The Grande Traversata delle Alpi, otherwise known as the GTA, is one of the most challenging alpine traverses. It runs through valleys that are not only largely inaccessible but have also suffered more from population decline than any other valleys in the Alps. Starting at the Novena Pass in Switzerland, the crossing between the cantons of Valais and Ticino, the trail follows old mule paths, offering magnificent views of many of the Alp's four-thousanders. It runs through the arc formed by Italy's western Alps and after more than 900 km arrives at the Mediterranean Sea. Since the beginning of the industrial revolution the “forgotten” alpine valleys of Italy's Piedmont region have been fighting against urban migration and the decline of their farming traditions. When there is nobody left to look after the countryside, the slopes of the mountains are even more vulnerable to severe weather and erosion. The GTA originated in 1979 when it was mapped out in an attempt to counteract these negative developments. The idea was to attract more overnight hikers by restoring the old paths connecting the valleys in the hope that this might give the residents of the villages at the end of the valleys a reason to stay. In other words, rather than investing in new infrastructure, they wanted to maintain and support what was already in place by encouraging responsible tourism. Hikers walking the GTA trail can admire spectacular scenery while also enjoying a fascinating kaleidoscope of local cultures. 59 day hikes along the GTA's five sections, for more information visit https://longdistancetrail.wordpress.com/trails/2013-gr5-the-grand-traverse-of-the-alps/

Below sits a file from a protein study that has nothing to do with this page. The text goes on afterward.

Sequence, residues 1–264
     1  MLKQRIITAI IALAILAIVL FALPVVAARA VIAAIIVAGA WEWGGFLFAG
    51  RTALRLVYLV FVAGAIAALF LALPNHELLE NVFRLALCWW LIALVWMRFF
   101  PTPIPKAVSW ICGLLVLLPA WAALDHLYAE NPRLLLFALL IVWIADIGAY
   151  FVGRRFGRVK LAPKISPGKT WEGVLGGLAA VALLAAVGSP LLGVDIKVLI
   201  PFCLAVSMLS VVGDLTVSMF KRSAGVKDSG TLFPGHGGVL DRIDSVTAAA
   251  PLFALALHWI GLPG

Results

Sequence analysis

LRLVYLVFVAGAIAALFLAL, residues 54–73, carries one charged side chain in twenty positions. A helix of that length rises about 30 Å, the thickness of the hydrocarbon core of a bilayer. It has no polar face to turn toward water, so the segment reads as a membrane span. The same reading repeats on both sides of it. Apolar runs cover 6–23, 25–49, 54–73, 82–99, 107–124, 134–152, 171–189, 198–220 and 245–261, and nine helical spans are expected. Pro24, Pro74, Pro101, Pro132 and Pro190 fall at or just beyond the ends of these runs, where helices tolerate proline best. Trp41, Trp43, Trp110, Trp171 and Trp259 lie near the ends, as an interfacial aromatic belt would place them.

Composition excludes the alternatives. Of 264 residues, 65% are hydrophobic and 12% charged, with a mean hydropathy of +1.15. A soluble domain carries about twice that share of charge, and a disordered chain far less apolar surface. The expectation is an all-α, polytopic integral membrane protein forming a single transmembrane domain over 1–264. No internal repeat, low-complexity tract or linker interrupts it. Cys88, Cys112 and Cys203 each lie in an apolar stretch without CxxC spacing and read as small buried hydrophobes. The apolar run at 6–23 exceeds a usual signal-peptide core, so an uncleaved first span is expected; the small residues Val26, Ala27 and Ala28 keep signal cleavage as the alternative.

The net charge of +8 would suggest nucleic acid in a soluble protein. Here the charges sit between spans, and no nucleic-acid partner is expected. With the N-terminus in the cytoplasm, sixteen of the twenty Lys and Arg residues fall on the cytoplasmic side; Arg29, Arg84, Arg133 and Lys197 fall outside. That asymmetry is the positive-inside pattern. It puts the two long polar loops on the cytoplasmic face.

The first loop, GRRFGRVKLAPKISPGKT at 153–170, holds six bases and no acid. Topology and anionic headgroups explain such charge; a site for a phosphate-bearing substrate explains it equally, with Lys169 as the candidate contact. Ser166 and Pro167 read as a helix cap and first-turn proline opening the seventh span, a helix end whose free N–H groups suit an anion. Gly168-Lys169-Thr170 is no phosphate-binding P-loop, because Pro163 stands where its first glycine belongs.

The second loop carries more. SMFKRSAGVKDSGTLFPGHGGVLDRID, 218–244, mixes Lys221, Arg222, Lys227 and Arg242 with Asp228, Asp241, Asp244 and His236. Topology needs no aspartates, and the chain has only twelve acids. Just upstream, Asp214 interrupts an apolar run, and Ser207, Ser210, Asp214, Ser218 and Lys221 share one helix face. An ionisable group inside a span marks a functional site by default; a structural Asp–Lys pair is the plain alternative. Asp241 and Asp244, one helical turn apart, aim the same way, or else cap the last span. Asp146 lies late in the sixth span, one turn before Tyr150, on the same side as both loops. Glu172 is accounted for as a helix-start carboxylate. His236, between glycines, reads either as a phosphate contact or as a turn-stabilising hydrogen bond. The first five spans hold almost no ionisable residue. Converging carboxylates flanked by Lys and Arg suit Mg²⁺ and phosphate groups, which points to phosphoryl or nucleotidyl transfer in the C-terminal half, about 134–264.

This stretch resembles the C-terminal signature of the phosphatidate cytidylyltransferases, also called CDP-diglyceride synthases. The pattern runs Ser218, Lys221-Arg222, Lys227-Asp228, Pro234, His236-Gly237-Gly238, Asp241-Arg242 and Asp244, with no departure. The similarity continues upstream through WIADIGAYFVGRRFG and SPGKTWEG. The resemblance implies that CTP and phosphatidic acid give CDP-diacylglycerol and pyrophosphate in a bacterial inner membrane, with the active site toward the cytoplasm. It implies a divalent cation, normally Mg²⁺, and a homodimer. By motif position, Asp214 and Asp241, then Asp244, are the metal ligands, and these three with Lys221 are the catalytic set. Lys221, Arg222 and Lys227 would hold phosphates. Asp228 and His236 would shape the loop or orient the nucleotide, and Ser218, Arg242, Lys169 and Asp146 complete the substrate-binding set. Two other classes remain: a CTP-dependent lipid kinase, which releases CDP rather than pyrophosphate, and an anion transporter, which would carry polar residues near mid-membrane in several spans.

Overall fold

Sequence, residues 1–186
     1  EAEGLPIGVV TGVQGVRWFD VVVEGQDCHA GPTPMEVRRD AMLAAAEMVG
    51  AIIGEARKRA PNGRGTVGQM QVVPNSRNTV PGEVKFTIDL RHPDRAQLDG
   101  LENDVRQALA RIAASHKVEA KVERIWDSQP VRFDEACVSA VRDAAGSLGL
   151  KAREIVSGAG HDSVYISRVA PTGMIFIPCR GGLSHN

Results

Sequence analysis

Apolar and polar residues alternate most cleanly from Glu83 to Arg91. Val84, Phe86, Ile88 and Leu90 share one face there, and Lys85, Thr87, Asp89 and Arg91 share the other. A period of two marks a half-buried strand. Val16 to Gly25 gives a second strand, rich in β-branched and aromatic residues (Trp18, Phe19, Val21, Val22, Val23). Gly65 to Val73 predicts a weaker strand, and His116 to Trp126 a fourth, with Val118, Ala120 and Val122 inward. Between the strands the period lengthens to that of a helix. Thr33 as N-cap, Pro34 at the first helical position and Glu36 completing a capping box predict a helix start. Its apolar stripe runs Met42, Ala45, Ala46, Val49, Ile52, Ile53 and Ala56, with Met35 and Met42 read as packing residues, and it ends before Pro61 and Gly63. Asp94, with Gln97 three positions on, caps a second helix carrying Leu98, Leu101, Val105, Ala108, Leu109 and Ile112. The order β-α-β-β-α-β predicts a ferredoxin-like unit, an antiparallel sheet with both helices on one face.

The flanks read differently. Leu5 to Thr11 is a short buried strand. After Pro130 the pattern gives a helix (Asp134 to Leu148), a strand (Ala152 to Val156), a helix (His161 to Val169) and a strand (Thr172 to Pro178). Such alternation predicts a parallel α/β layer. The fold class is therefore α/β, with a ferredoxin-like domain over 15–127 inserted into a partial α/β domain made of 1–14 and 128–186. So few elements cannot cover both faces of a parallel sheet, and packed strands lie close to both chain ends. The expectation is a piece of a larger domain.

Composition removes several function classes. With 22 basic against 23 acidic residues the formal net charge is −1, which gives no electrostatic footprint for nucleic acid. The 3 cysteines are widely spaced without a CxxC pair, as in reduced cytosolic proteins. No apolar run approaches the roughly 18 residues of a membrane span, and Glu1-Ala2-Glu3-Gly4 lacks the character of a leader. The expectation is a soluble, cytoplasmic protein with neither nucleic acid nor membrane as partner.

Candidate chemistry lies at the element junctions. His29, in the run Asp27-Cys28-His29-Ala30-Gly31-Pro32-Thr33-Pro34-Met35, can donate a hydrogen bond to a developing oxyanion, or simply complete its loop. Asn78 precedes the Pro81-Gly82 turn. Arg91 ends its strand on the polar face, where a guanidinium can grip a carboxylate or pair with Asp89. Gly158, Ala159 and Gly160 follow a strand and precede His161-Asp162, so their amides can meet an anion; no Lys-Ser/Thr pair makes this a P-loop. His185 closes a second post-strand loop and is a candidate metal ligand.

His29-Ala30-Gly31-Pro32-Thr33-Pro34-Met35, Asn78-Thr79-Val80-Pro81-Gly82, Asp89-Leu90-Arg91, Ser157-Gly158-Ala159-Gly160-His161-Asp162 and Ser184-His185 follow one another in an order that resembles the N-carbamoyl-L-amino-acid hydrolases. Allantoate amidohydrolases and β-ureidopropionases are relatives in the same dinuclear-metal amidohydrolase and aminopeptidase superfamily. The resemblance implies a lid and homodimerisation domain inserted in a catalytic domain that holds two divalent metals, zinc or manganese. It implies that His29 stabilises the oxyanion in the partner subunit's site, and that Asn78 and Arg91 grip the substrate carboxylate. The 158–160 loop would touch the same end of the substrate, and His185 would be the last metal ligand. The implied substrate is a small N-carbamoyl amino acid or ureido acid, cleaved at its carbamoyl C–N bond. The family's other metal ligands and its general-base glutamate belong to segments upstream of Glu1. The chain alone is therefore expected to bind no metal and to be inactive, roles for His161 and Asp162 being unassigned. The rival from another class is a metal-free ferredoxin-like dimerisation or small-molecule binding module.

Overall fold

In comfort: from Garmisch to Sterzing
From the Bavarian Alps to Italy's most northern town: this hiking trail takes alpine enthusiasts past a myriad of lakes, including Möserer See, Lichtsee and Obernberger See, where they can admire the spectacular panoramas of the surrounding mountains reflected in their waters. The sections: the trail begins with a gentle ride on a chair lift to the top of the Eckbauer from where the route continues to Mittenwald and then on towards Tyrol through the Karwendel mountain range. After crossing into the Inn Valley, it enters the Stubai Alps, wending its way towards South Tyrol to end in Sterzing. Travel company ASI offers this tour with an itinerary that has been designed for comfort. They will transport your luggage and have hand picked comfortable three and four star hotels.
For individualists: along the Alpe Adria Trail from the Großglockner to Lake Millstatt
“The absolute highlight of this alpine traverse is the Pasterze Glacier. Plus it follows historic pass routes, boasts wild water gorges and offers breathtaking views from panorama viewpoints high above Lake Millstatt,” says hiking professional Ambros Gasser from Alpinschule Innsbruck. The trail passes Heiligenblut, a mountaineering resort that used to be a gold mining village, historic watermills known as the Apriacher Stockmühlen, and the artists town of Gmünd. But the best bit comes at the end: walking enthusiasts will love the panorama tour of the Millstätter Alpe mountains with its spectacular views of the lakes of Austria's southernmost state, Carinthia, the High Tauern National Park and the Großglockner.
Crossing the Alps in the summer doesn't mean to say that you're not going to get caught in pouring rain, or maybe even snow. Don't forget that in 2017 it snowed in July! That's why anyone setting out to traverse the Alps should equip themselves with waterproof GORE-TEX garments
to protect them from the elements, preferably ones that pack down small, plus a pair of hiking shoes
that fit well and incorporate durably waterproof and breathable GORE-TEX SURROUND® product technology